The heart is a muscular pump that 'beats' regularly throughout life. Each heartbeat is the result of an electrical stimulation that originates from within the heart. Because it is a live organ the heart requires its own supply of blood that provides life-giving oxygen.Heart disease is the single largest cause of death in the world.
The most common cause of heart disease is is chaemia, a reduction in the amount of oxygen-carrying blood reaching the heart muscle due to a narrowing of the artery of arteries.
This is a cramp-like pain caused by a reduction in oxygen reaching the heart muscles. It may be brought on by exercise or excitement. For a relatively large number of people, angina is an ongoing problem that has a familiar pattern and responds to rest and medication.
Crushing chest pain.
The pain may spread into the jaw, arms and hands(particularly the left).
A feeling of weakness.
Tightening sensation in the jaw, arms and hand (particularly the left).
A sensation of heaviness in the arms (particularly the left).
Shortness of breath.
Sit the casualty down on the spot.Assist the casualty to take medication.
Allow the casualty to rest until completely recovered.
Call for an ambulance if the casualty does not normally suffer from angina.
If the pain is more intense, or extensive than the casualty's normal angina pain.
If the pain does not respond in the normal way to rest and medication (i.e. persists or gets worse).
If the pain comes on when the casualty is at rest.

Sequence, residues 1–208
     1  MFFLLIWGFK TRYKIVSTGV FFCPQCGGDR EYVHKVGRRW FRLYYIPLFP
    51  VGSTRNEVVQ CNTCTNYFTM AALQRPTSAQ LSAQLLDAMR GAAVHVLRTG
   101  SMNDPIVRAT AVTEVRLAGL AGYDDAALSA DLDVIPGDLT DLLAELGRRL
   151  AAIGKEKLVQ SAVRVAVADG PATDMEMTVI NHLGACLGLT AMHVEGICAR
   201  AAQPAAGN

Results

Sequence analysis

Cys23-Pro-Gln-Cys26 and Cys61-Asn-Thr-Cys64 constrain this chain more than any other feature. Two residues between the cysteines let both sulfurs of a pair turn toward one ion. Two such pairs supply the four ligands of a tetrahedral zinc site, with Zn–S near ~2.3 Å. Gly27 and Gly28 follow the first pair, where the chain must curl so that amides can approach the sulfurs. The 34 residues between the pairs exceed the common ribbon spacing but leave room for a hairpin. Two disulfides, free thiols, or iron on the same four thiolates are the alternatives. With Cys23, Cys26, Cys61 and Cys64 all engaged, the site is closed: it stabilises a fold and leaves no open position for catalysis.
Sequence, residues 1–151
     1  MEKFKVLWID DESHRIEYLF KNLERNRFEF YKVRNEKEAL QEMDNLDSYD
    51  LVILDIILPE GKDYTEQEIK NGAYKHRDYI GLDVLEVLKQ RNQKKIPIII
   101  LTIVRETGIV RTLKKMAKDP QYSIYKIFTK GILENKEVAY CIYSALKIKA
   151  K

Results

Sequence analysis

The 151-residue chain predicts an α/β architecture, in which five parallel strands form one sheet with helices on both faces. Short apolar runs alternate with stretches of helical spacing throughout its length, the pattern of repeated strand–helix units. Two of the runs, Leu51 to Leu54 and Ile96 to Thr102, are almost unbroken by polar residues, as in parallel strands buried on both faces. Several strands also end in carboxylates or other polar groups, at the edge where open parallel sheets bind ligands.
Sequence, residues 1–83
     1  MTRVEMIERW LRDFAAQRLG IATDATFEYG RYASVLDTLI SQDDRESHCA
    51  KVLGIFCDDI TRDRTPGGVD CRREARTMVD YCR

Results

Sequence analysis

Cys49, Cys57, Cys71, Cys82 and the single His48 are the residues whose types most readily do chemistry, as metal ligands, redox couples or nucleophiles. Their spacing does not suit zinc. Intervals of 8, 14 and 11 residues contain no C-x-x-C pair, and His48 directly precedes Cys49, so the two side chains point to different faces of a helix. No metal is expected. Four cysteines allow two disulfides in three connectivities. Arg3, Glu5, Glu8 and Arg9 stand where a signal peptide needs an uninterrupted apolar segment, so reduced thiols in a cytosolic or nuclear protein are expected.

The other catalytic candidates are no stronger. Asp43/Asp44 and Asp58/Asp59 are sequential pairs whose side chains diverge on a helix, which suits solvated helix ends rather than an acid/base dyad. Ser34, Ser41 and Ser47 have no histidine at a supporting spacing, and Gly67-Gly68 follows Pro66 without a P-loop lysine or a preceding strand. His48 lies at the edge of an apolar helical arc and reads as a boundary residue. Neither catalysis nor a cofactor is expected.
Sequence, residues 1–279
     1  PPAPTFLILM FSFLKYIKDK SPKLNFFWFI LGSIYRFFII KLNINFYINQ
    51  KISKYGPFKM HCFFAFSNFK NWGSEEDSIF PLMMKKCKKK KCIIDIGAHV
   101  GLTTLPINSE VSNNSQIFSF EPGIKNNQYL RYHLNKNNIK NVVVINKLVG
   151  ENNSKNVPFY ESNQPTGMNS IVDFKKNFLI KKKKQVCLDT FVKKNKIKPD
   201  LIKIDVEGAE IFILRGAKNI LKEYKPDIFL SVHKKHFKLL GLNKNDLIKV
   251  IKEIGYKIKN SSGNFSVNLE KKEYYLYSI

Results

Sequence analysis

A heart attack usually occurs because a part of the heart's muscle is suddenly starved of its blood supply i.e. through a blood clot blocking an artery(coronary thrombosis).
Central chest pain often described as a tight band around the chest or intense pain under the breastbone.
Abdominal discomfort, often initially thought to be indigestion.
Paleness, coldness and often excessive clamminess.
Faintness or dizziness.
Rapid, weak pulse(sometimes irregular).·
A feeling of impending doom.
Sudden collapse into cardiac arrest.
Always treat the casualty on the spot.
Make the casualty comfortable in a semi-sitting position, ensuring good support.
Call for an ambulance.
If available, call the casualty's own doctor:
Stay with the casualty and be prepared to start resuscitation.
THE COLLAPSED CASUALTY·
The first aider must be constantly aware of the casualty's overall condition particularly if he/she seems to settle and go to 'sleep'. Very often, collapse into cardiac arrest is sudden and unremarkable.
This is a condition in which the heart muscle becomes inefficient and the circulation through the lungs becomes 'sluggish' causing fluid to gather there (pulmonary oedema).
Heart failure may occur following a heart attack or be a symptom of other heart disease.
The attacks often occur at night.
You will notice
Paleness, coldness, clamminess.
Central chest pain.
Blue tinge to the skin(cyanosis), especially the ears and lips.
Rapid deterioration, even to collapse.TREATMENT
Help the casualty into a semi-sitting position and ensure good support.
Call for an ambulance.
If available, call the casualty's own doctor; call for an ambulance first.
TREATING CHEST PAIN
If the casualty is experiencing any chest pain, during the 'attack', help him/her to take normal medication for relieving an angina attack.
This is the sudden and unexpected stopping of the heart's pumping action.
It may be due to a heart attack or can be due to other conditions such as electrocution, heart failure or anaphylactic shock. Without the pumping of the heart,
oxygen cannot be circulated and the heart muscle and the brain will rapidly be damaged.